Communities don’t live in isolation, however, and two films showcase remarkable cross-cultural connections spanning the globe and through generations. In Presenting Princess Shaw, Samantha Montgomery, a caretaker at a New Orleans nursing home by day, moonlights as a singer and songwriter under the stage name Princess Shaw. Her dreams of stardom come that much closer to reality when an Israeli producer and international YouTube star discovers her on the video-sharing site. In the Oscar®-nominated short Joe’s Violin, a violin donated at a school instrument drive becomes the unlikely catalyst for a friendship between a 91-year-old Jewish Holocaust survivor and a 12-year-old Bronx schoolgirl.
Two films focus on the lives of those with developmental disabilities, as well as their hopes and dreams for the future. In The Grown-Ups, middle-aged adults with Down syndrome yearn for independence, while in Swim Team, adolescent swimmers on the autism spectrum — and their parents — find a place of inclusion and understanding.
POV’s 30th season also celebrates, and contemplates, the passage of time. In Motherland, a glimpse into the world’s busiest maternity ward, located in the Philippines, captures the hopes and challenges that come with motherhood and depicts newborns’ first days. Other films capture people at the twilight of the lives. Shalom Italia is a surprisingly light-hearted journey undertaken by three Italian-born Jewish brothers who, 70 years after emigrating to Israel, endeavor to find the Tuscan cave where they hid to evade the Nazis. In My Love, Don’t Cross That River, an elderly Korean couple live every day like newlyweds, even though they have been together for 76 years and must face the reality of aging. In Cameraperson, celebrated director Kirsten Johnson weaves vignettes of past filmmaking works into a moving tapestry of memories lived and experienced.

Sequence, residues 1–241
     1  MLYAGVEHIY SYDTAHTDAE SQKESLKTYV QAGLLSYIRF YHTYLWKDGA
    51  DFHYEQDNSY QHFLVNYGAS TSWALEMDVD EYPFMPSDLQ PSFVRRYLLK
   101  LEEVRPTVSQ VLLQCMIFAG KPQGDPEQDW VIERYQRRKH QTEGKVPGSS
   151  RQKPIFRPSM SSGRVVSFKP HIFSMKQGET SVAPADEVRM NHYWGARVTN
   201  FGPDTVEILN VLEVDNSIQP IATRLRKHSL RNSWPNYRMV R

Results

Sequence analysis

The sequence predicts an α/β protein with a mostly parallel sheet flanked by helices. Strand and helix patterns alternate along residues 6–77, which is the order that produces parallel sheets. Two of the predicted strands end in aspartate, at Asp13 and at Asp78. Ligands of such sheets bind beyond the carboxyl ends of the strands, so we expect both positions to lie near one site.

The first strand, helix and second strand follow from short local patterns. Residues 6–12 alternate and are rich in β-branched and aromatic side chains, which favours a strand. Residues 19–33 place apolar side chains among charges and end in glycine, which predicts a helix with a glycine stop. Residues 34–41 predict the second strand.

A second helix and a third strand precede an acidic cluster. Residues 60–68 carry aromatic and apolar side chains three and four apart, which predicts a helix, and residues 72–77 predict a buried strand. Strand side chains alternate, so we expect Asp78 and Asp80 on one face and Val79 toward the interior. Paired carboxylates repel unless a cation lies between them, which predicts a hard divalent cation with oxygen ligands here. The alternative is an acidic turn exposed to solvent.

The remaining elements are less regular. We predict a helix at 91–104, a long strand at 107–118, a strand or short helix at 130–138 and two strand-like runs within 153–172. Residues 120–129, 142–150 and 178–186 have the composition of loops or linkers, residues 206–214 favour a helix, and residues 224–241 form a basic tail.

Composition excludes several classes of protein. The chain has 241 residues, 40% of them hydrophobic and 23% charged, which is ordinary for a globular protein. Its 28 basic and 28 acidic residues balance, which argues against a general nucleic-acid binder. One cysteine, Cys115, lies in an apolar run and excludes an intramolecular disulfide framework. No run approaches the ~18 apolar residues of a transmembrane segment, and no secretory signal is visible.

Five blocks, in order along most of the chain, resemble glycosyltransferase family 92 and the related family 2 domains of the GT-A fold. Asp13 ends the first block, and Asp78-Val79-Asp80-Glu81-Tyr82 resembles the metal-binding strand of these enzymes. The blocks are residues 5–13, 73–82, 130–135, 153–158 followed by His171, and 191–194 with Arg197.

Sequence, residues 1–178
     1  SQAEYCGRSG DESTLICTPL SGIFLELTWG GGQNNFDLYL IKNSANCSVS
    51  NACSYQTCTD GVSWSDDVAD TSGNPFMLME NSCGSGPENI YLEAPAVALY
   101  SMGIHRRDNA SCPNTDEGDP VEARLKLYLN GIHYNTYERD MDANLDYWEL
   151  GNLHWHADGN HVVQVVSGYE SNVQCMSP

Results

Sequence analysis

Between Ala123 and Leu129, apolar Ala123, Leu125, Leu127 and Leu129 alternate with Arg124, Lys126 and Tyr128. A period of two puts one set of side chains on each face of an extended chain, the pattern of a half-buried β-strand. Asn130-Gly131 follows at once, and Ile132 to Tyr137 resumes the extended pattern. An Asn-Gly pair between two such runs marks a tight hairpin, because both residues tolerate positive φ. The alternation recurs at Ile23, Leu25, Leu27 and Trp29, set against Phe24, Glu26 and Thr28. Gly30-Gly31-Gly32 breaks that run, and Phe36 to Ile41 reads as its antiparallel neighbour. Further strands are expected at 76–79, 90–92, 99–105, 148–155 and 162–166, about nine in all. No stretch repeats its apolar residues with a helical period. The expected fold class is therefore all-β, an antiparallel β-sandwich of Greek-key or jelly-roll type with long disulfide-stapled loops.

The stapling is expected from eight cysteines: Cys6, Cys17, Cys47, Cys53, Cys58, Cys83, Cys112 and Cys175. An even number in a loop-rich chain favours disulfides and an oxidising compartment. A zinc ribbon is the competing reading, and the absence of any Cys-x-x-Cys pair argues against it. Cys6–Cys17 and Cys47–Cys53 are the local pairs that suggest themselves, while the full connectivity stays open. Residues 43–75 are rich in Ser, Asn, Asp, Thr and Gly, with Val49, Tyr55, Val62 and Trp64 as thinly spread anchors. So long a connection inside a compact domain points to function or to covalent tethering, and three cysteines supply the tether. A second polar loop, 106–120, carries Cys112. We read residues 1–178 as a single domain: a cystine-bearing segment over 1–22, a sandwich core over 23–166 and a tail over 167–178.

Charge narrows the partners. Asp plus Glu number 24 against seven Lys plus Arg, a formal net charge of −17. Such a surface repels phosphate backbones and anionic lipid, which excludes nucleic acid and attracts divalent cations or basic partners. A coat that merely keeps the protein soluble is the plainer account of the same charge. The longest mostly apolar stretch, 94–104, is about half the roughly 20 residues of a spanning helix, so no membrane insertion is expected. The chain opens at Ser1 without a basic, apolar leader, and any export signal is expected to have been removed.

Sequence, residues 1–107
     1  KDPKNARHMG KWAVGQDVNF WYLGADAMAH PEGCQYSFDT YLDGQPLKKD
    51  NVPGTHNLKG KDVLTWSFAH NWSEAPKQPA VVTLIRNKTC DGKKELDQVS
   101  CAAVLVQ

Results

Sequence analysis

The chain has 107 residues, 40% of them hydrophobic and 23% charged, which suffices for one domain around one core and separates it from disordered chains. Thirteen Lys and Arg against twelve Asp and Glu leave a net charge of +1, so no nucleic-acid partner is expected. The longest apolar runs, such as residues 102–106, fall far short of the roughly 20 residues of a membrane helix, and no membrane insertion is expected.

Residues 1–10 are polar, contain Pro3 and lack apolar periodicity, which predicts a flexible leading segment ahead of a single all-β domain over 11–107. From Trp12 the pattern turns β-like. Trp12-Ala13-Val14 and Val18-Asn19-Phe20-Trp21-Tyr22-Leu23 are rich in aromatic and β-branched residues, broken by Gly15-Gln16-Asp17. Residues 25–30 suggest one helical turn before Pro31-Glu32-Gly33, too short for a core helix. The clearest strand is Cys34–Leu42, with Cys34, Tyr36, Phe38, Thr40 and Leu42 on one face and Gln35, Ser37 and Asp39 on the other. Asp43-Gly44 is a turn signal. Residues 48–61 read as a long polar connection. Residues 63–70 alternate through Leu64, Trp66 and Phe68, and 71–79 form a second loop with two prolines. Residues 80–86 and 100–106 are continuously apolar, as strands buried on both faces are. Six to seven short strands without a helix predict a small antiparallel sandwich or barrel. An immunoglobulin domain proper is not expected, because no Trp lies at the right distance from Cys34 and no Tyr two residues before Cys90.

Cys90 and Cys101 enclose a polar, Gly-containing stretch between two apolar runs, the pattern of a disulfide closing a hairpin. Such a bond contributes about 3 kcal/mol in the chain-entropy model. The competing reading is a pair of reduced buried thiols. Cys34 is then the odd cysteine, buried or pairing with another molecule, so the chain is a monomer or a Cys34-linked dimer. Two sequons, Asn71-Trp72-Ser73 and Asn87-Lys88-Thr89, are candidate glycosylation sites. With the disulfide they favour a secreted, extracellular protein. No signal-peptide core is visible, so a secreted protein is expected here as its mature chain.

“In times of political division, POV offers stories with universal import,” said POV executive director/executive producer Justine Nagan. “Issues like immigration, criminal justice and veterans’ issues are given more than the cable-news treatment, and talented directors are given a prime-time audience on PBS. From national broadcast and streaming to impactful community screenings, we are bringing important stories, vibrant characters and diverse filmmaking perspectives into living rooms and town halls across all 50 states.”
Executive producer Chris White added, “We enter our newest season at a time when people can tell their stories more easily than ever before, and documentary filmmaking and public media are integral to that development. We’re thrilled that such talented filmmakers, whether veterans in the field or emerging storytellers, will join us for our 30th season and spotlight journeys that would otherwise go untold.”
POV 2017 Schedule
(All programs air at 10 p.m. unless otherwise noted. Check local listings)
Dalya’s Other Country
by Julia Meltzer
June 26, 2017 at 9 p.m.